Moriarty the Patriot, Vol. 2 by Ryōsuke Takeuchi, Hikaru Miyoshi (Illustrations), Arthur Conan Doyle (Idea)
The untold story of Sherlock Holmes’ greatest rival, Moriarty!
Before he was Sherlock’s rival, Moriarty fought against the unfair class caste system in London by making sure corrupt nobility got their comeuppance. But even the best-intentioned plans can spin out of control—will Moriarty’s dream of a more just and equal world turn him into a hero…or a monster?
After successfully establishing a foothold in Durham and cleansing the city of some of its corruption, William James Moriarty sets his sights on London. To make headway there, he needs the aid of his brother Albert. But while on his way to London, Moriarty is kidnapped by a gang of criminals! He needs Albert sooner than he thought, but will Albert be able to save him in time?
Publisher: Thank you VIZ Media LLC for the review copy
Previously Reviewed: Moriarty the Patriot, Vol. 1
Review: I am totally onboard with this series and hope that as the books continue the story development doesn’t falter. In volume two Moriarty and Sherlock meet, and the beginnings of their cat and mouse game are put in place. While we have all the players, Moriarty, Sherlock and Watson in place for book 3 the story is not following the path I thought it would.
In this book we have one story that addresses the conflict of sacrificing one for many. While the merits are discussed and Moriarty’s companions state how they would give their own life for this cause that they are all working towards the reader has to grapple with the fact that the life given was not volunteered.
Moriarty has always been portrayed as the evil to Sherlocks good. Yet both are flawed characters. The first book showed Moriarty is a different light, seeking justice for others. This book sets up what I think will be the tightrope walk of the stories to come. Many things will be done with the conviction of “doing the right thing” but the repercussion are what will linger.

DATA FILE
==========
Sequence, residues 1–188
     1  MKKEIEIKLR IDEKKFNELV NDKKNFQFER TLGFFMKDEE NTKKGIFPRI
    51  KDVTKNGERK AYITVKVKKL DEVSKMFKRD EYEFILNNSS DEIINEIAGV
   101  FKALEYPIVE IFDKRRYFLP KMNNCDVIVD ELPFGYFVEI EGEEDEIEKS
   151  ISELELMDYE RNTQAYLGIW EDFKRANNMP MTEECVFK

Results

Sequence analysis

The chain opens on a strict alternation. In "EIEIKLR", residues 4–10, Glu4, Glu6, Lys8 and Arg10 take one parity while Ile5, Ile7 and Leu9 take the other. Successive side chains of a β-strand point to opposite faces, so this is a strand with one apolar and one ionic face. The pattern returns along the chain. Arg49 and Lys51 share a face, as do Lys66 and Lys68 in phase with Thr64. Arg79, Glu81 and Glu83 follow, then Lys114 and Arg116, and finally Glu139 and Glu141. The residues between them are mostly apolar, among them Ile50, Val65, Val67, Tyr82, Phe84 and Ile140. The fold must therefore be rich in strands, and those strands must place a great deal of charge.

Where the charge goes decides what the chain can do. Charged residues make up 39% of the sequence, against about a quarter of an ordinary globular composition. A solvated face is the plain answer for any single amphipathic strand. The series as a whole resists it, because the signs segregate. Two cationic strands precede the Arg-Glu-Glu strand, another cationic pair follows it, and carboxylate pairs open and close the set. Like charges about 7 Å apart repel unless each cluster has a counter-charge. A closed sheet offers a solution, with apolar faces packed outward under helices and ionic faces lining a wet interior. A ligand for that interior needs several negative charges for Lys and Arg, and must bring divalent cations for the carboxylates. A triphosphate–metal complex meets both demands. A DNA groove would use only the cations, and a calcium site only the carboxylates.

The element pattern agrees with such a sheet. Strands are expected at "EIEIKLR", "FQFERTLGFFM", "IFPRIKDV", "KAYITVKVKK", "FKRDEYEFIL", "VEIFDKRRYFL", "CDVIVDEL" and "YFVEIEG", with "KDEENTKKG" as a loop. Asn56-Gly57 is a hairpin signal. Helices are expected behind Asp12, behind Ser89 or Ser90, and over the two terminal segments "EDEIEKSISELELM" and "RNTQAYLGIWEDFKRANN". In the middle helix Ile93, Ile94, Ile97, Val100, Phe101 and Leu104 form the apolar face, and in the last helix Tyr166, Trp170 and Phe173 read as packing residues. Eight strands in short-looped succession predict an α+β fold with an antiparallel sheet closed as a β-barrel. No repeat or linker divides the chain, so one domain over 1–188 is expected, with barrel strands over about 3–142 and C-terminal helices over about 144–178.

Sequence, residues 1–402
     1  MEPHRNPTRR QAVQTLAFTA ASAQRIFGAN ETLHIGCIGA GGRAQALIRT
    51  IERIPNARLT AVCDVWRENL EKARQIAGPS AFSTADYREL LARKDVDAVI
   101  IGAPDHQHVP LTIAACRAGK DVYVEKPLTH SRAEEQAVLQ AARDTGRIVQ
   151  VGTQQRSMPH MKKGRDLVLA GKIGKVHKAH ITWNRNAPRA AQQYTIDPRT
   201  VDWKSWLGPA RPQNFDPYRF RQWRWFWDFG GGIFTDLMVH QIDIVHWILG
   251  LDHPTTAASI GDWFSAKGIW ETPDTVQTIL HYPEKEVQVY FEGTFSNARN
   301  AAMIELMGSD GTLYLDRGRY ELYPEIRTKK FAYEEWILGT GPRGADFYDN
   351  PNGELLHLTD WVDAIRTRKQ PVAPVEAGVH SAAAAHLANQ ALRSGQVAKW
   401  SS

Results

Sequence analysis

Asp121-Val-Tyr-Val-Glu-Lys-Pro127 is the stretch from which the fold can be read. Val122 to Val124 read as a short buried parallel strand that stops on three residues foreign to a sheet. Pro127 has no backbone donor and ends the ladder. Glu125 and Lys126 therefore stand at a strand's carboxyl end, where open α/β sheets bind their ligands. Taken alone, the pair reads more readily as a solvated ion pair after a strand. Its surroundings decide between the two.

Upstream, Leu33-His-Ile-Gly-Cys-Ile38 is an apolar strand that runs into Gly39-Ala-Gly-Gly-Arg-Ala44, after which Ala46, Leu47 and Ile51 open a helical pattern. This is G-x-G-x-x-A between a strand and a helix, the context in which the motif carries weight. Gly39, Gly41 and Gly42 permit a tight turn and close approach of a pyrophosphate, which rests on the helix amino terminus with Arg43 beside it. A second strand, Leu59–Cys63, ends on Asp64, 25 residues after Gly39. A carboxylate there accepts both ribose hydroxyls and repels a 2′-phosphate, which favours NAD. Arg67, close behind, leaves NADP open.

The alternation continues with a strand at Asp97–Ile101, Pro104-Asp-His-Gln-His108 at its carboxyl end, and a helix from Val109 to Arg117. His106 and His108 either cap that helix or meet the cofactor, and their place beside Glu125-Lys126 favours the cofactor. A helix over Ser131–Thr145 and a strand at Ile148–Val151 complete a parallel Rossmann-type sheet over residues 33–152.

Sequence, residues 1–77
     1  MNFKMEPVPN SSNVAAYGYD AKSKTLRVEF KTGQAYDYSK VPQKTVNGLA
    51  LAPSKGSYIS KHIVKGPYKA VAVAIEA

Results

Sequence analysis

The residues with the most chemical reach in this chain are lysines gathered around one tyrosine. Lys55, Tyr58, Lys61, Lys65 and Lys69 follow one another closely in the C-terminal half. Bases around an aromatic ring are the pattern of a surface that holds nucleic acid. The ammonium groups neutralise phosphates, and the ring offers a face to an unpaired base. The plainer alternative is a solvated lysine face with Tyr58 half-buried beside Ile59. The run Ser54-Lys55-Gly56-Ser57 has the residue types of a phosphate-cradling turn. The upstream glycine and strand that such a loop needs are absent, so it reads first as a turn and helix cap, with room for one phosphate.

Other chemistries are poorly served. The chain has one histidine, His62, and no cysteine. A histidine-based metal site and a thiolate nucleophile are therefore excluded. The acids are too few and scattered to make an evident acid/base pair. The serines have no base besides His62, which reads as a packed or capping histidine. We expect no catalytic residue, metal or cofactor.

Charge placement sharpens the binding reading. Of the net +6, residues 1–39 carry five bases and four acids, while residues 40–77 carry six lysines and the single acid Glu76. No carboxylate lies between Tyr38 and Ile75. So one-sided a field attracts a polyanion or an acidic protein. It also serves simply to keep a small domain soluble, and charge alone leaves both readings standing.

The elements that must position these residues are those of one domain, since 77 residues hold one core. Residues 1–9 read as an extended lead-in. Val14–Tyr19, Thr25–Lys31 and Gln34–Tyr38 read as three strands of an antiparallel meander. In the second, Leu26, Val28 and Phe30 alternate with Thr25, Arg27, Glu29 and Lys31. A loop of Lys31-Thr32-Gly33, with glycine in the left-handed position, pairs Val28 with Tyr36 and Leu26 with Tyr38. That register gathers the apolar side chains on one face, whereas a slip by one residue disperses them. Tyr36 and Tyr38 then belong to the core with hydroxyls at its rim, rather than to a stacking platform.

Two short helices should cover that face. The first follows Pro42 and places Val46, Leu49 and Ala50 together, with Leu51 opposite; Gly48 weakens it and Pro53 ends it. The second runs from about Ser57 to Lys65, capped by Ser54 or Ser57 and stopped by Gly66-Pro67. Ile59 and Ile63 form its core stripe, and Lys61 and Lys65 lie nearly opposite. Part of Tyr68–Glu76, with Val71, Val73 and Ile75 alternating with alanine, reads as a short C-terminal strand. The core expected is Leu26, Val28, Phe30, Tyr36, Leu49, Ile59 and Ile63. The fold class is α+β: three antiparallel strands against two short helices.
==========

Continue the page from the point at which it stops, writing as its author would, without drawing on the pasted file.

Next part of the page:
I’m excited for the next book.
An adorable new yuri manga for fans of Kase-san and Yamada and Bloom Into You. One day, high school girl Himari sees a girl, Yori, sing in a band, and it awakens feelings she doesn’t understand… but Yori does!
Bubbly, energetic first-year high school student Himari falls head over heels for her senpai Yori after hearing her band perform on the first day of school. Himari tells Yori she just loves her, and, to Himari’s surprise, Yori says she loves Himari back! But when Himari realizes that she and her senpai are feeling two different kinds of love, she begins to ask herself what “love” really means…
Publisher: Thank you Kodansha Comics for the review copy
Review: Whisper Me a Love Song was surprising, the ending of the first book has left me very much wanting to read what happens between Yori and Himari, yet when I started I will admit I was somewhat dismissive of this story.
Don’t misunderstand, this manga begins as a cute story and I very much wanted cute when I requested this for review (thank you Netgalley). I wasn’t expecting there to be a heartstring-tug though. Himari is the adorable first year who falls for Yori at opening day concert. She later sees Yori and tells her she “just loves her”.
From here we have Himari, full of adoration for Yori and Yori who is unsure, because she likes, maybe even loves Himari – but romantically not in the way Himari sees her. The first volume sets the characters and story up, leaving you with a last chapter that has you wanting the next book to find out how this continues.
Also, the artwork is adorable. 🙂
The King’s Beast, Vol. 1 by Rei Toma
A smoldering tale of romance and revenge set in the world of the New York Times best seller Dawn of the Arcana!
Legend says that a sacred beast appears in the time of a great king…
Ajin are people who bear the attributes of beasts, and in this kingdom they are forced to serve men in the military and women in the brothels. The Ajin boys who show signs of special abilities are conscripted to serve in the imperial palace as beast servants—status symbols and shields for their royal masters, to be kept or discarded on a whim. When Rangetsu’s twin brother Sogetsu showed signs of such abilities, he was ripped from her arms and given to Prince Tenyou as a beast servant, where he quickly fell victim to bloody royal intrigues. Now in a world that promises only bitterness, Rangetsu’s one hope is to disguise herself as a man and find a way into the palace to avenge her brother!
But Prince Tenyou is not what Rangetsu expected, and the political currents in the palace run deep and strange. Does Rangetsu have any chance of finding justice for her brother, or will she become just another Ajin casualty in the game of kings?
Publisher: Thank you VIZ Media LLC for the review copy
Review: This year has definitely been the year of picking up more Manga’s and seeing what stories there are. I have not read Dawn of the Arcana! So can not compare how Rei Toma previous title compares. What drew me in for The King’s Beast was the synopsis and the art style. I really liked the clear lines and that the panels aren’t overcrowded.
I haven’t quite made up my mind about this the story yet, a lot of book one sets up the story and history of how Rangetsu ended up taking her twin-brother’s place as Prince Tenyou beast servant. As the story set up is more thorough, I think it’s really the next instalment that will be the verdict, however this volume has a lot of promise as to how this story could build.